Wray and other law enforcement leaders charged that “end-to-end” encryption limits their ability to access critical evidence and detect crimes. That risk has gotten worse as more and more tech companies adopt the technology, which protects data so only the sender can access it. No third party, including the tech company offering the service that sent the data, has access to the material.

If Democrat’s fall for this, it’ll mean that we are one prediction away from a clean sweep in our January 20th article. In that case, it’ll probably be a new piece of legislation similar to the universally condemned EARN IT legislation which died as the last session ended.

Up to that point, various spy agencies struggled to find a reason why such legislation is needed. They claimed, among other things, that iPhones were uncrackable (they weren’t), encrypted messaging was on the rise with bad actors are going dark (didn’t happen), and that tech companies can easily innovate and create back doors while keeping their customers safe (which is technologically impossible). Authorities tried to use several examples where such legislation would have made their jobs easier, but failed to come up with one compelling example. As Donald Trump’s induced chaos took over the airwaves, the debate seemingly fell into the background and the legislation stalled.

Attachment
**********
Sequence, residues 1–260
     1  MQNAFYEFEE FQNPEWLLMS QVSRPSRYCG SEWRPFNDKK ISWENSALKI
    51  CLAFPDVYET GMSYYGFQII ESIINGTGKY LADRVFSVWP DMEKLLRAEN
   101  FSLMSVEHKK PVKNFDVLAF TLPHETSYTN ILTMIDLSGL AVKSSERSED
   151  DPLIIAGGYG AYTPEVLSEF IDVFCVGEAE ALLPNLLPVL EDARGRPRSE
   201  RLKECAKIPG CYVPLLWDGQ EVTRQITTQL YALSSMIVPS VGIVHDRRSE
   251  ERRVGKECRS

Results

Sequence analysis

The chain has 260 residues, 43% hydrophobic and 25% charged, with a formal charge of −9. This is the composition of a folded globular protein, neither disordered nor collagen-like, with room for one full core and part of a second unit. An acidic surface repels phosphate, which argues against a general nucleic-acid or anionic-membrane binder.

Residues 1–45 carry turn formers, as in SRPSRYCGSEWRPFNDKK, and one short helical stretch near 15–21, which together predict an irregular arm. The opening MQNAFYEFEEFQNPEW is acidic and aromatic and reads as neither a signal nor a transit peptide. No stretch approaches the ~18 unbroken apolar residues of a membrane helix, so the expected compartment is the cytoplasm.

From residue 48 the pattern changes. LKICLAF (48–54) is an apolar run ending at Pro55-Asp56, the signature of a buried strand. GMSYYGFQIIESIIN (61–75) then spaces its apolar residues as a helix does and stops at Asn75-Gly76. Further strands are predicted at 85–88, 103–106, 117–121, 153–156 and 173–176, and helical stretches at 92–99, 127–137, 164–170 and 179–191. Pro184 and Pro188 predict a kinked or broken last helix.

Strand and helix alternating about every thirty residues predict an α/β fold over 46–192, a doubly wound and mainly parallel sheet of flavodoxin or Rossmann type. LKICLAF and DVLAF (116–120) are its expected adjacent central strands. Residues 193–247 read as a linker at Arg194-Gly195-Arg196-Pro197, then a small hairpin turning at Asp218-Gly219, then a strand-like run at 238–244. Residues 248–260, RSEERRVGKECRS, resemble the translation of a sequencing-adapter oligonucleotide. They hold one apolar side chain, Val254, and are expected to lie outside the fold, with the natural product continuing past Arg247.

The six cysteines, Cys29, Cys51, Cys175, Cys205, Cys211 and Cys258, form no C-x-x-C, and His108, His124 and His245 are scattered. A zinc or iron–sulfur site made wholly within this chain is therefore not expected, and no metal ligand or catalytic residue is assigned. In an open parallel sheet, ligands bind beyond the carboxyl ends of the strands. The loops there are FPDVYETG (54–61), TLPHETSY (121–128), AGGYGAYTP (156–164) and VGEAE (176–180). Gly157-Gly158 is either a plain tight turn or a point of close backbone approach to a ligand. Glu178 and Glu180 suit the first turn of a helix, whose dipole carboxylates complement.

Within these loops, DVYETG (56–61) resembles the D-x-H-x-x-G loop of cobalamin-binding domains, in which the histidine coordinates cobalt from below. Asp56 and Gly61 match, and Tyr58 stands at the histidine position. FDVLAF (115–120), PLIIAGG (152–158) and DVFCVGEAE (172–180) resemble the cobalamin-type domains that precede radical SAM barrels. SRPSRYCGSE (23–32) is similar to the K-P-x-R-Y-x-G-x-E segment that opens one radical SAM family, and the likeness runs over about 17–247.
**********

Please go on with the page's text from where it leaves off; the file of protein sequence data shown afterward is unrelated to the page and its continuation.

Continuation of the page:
Now, they are trying to use the January 6th terrorist attack as their main push to ban all effective encryption in the country.

As well all know, encryption plaid such a little role, if any, that such legislation would have never made a difference in the first place. Trump supporters simply posted their activities publicly, effectively handing evidence against them over to authorities in the process. Authorities admitted at the time that they were thrilled with the amount of evidence they were able to obtain by simply using social media. Some would even go so far as to say that the amount and quality of evidence just doesn’t get much better then that. Pictures and video’s had geo-location information, faces weren’t covered, and the perpetrators practically drew a map to their houses saying “come and get me now!”

What’s more is that, as we noted very recently, authorities had no problem uncovering a March 4th plot as well. That plot essentially fizzled but it showed that authorities aren’t actually having difficulties at all tracking these threats.

Now, out of the blue, the FBI director is seemingly trying to change the story by saying that bad actors are turning to encryption and it’s getting difficult to track the activity of extremists. It’s quite bizarre that there would suddenly be this alternative story popping out of nowhere and now there is magically this urgent need to ban effective encryption in the US. At this stage, it’s just not that believable.

Spy agencies have been working for years to try and make the Internet less secure. They’ve thrown just about every justification they could at the wall hoping something will stick. Well, this latest lob involves saying that they need to end effective encryption because of the January 6th terrorist attack. Like the other attempts, it’s just not sticking.

Drew Wilson on Twitter: @icecube85 and Facebook.